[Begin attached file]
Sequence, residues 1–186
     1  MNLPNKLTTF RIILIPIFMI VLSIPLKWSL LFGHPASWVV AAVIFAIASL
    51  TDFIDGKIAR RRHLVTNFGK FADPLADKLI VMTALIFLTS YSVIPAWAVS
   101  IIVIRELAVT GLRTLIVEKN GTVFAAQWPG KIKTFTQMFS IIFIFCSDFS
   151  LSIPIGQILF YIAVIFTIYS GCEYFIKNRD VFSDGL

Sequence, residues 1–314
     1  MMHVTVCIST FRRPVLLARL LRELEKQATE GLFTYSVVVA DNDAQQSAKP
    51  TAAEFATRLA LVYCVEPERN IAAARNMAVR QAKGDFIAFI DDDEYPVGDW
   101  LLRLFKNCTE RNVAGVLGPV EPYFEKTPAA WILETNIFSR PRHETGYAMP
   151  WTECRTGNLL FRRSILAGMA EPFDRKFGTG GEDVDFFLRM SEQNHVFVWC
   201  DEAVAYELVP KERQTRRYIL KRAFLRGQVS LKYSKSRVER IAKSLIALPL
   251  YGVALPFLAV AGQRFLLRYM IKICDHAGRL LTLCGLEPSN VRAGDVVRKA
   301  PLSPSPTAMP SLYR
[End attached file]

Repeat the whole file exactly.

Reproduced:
Sequence, residues 1–186
     1  MNLPNKLTTF RIILIPIFMI VLSIPLKWSL LFGHPASWVV AAVIFAIASL
    51  TDFIDGKIAR RRHLVTNFGK FADPLADKLI VMTALIFLTS YSVIPAWAVS
   101  IIVIRELAVT GLRTLIVEKN GTVFAAQWPG KIKTFTQMFS IIFIFCSDFS
   151  LSIPIGQILF YIAVIFTIYS GCEYFIKNRD VFSDGL

Sequence, residues 1–314
     1  MMHVTVCIST FRRPVLLARL LRELEKQATE GLFTYSVVVA DNDAQQSAKP
    51  TAAEFATRLA LVYCVEPERN IAAARNMAVR QAKGDFIAFI DDDEYPVGDW
   101  LLRLFKNCTE RNVAGVLGPV EPYFEKTPAA WILETNIFSR PRHETGYAMP
   151  WTECRTGNLL FRRSILAGMA EPFDRKFGTG GEDVDFFLRM SEQNHVFVWC
   201  DEAVAYELVP KERQTRRYIL KRAFLRGQVS LKYSKSRVER IAKSLIALPL
   251  YGVALPFLAV AGQRFLLRYM IKICDHAGRL LTLCGLEPSN VRAGDVVRKA
   301  PLSPSPTAMP SLYR